Gangsters: Part II

March 19, 2011 | By

Like the prior installment, Part II deals with the second pair of gangster films in TCM’s Prohibition Era set, this time spotlighting James Cagney.

The Public Enemy [M] had Cagney playing Tom Powers, a bad boy who gets into bootlegging and organized crime while his brother recovers from the horrors of WWII.

Tom loves his Ma, has loyal friends, and uses a grapefruit to silence his moll’s incessant complaining at breakfast. But as with all psychopaths, the end must come, and his curtain call is an uncompromising shocker that caps a pioneering genre entry whose structure and template still work, 80 years later.

When Cagney made The Roaring Twenties [M] in 1939, he had pretty much been run through the genre machine by the studio, playing every configuration possible, and was ready to move on to comedies, dramas, and flag-waving musicals such as Yankee Doodle Dandy (1941).

In his final gangster saga of the thirties, he’s Eddie Bartlett, a WWI vet who returns home, finds his job’s been taken, and discovers the girl who wrote him during the war is a high school snot in knickers. Several years later he’s found a solid career making, selling, and stealing booze, with solid professional relationships with two fellow veterans: a lawyer, and a psychopath named George, played by Humphrey Bogart before he shook off his skin of amoral slime and donned a slick suit and graduated to a romantic leading man in Casablanca (1943).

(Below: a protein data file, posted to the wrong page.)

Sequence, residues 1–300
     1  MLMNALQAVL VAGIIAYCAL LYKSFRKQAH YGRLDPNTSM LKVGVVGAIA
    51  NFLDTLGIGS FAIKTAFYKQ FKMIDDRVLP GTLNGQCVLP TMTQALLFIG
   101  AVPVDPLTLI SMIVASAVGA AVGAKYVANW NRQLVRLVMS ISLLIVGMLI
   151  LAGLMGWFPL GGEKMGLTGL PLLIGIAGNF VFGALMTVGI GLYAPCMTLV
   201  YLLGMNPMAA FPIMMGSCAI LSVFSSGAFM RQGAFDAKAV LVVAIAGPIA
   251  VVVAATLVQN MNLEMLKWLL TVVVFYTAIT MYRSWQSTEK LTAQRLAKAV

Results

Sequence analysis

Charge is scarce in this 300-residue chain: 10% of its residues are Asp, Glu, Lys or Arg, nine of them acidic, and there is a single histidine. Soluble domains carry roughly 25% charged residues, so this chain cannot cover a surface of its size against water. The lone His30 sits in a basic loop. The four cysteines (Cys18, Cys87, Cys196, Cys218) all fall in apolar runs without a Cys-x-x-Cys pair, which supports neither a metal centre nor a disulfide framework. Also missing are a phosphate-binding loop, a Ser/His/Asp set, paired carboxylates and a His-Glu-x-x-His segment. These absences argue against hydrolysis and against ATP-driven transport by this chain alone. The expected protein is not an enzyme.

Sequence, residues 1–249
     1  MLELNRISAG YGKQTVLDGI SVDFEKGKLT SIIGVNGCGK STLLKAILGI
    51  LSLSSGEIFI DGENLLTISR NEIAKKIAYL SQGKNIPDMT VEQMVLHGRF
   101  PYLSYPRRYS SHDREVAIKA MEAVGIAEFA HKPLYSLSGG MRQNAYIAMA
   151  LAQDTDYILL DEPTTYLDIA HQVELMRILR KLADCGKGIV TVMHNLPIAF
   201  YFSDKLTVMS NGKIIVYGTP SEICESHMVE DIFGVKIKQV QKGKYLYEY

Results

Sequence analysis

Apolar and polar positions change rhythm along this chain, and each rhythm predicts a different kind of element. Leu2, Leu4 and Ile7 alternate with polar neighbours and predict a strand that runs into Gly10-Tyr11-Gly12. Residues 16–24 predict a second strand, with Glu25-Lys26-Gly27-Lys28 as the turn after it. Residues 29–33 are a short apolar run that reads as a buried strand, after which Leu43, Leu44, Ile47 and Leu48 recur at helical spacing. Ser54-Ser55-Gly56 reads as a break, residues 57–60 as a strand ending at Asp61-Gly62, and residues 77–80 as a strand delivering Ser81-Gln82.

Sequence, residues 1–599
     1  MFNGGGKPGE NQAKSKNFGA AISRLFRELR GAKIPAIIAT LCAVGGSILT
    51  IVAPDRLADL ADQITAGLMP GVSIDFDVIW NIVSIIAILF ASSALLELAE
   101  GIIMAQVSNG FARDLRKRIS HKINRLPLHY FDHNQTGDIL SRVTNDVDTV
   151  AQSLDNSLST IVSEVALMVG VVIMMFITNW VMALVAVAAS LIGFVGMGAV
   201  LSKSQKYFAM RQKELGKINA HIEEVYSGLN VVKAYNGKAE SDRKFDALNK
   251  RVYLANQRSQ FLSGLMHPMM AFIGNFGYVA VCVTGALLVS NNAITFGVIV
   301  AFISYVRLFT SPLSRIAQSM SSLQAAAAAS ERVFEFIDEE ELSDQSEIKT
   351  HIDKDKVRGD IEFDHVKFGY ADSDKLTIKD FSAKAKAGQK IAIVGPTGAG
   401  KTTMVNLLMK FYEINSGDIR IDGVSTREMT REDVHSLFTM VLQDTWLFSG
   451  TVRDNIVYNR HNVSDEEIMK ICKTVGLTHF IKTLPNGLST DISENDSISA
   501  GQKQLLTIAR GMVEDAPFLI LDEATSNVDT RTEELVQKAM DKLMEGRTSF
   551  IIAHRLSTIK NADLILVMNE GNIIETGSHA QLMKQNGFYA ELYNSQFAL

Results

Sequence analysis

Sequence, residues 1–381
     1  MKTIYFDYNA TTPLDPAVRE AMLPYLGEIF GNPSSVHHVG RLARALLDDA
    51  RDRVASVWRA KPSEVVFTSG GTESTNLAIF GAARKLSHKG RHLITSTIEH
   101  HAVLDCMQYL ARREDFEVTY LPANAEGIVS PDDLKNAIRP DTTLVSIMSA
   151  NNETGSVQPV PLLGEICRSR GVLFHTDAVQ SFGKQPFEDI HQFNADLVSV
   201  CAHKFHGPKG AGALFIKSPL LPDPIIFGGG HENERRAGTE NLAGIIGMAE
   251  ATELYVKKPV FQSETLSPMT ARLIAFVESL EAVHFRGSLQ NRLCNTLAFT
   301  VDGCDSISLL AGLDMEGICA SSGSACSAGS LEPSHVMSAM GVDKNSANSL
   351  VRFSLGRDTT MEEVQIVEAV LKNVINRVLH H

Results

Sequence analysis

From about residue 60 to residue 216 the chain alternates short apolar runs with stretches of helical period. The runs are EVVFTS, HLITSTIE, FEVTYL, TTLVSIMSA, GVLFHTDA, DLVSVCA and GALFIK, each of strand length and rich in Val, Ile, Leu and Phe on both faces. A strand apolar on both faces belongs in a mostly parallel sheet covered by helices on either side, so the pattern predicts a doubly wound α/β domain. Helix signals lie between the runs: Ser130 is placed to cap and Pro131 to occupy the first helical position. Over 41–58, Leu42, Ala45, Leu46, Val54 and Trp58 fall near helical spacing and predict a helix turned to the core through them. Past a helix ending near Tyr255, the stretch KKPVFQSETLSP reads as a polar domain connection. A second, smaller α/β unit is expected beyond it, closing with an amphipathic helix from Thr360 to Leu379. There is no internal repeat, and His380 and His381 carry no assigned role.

Naturally, Cagney can’t play the same character as Tom Powers, but there are similarities which I’ve tried to neatly dissect and compare in a review. Even with the obvious parallels, The Roaring Twenties is solid entertainment, and while it might be lacking the pre-Code naughtiness of The Public Enemy, it makes up for it with pure verve, due to an outstanding cast, and solid direction from one of my favourite directors ever – Raoul Walsh, director of Objective, Burma! [M] (1945), one of the best action / war films ever.

Cagney would return to the gangster film in White Heat (1949), part of Warner Home Video’s other TCM Gangster collection that I’ll cover shortly, but both aforementioned films prove the resilience of the genre, regardless of the decade, or setting.

Guns, contraband and fast cars also figure in Christopher Rowley’s Death of a Snowman [M] (Synapse), a 1976 gangster film from South Africa. Never heard of it? Neither had I, and while glaringly crude at times, there’s something intriguing about this effort to make a standard genre film in Africa, with a mixed cast, grungy locations, and an early film score co-composed by Trevor Rabin (Armageddon).

In Part III, I’ll cover another pair of vintage Warner Bros. crime thrillers, plus another recent South African gangster film. The Editor’s Blog will also spotlight a pair of striking Johannesburg structures that were part of the skyline (to some extent) in these South African crime classics.



Mark R. Hasan, Editor

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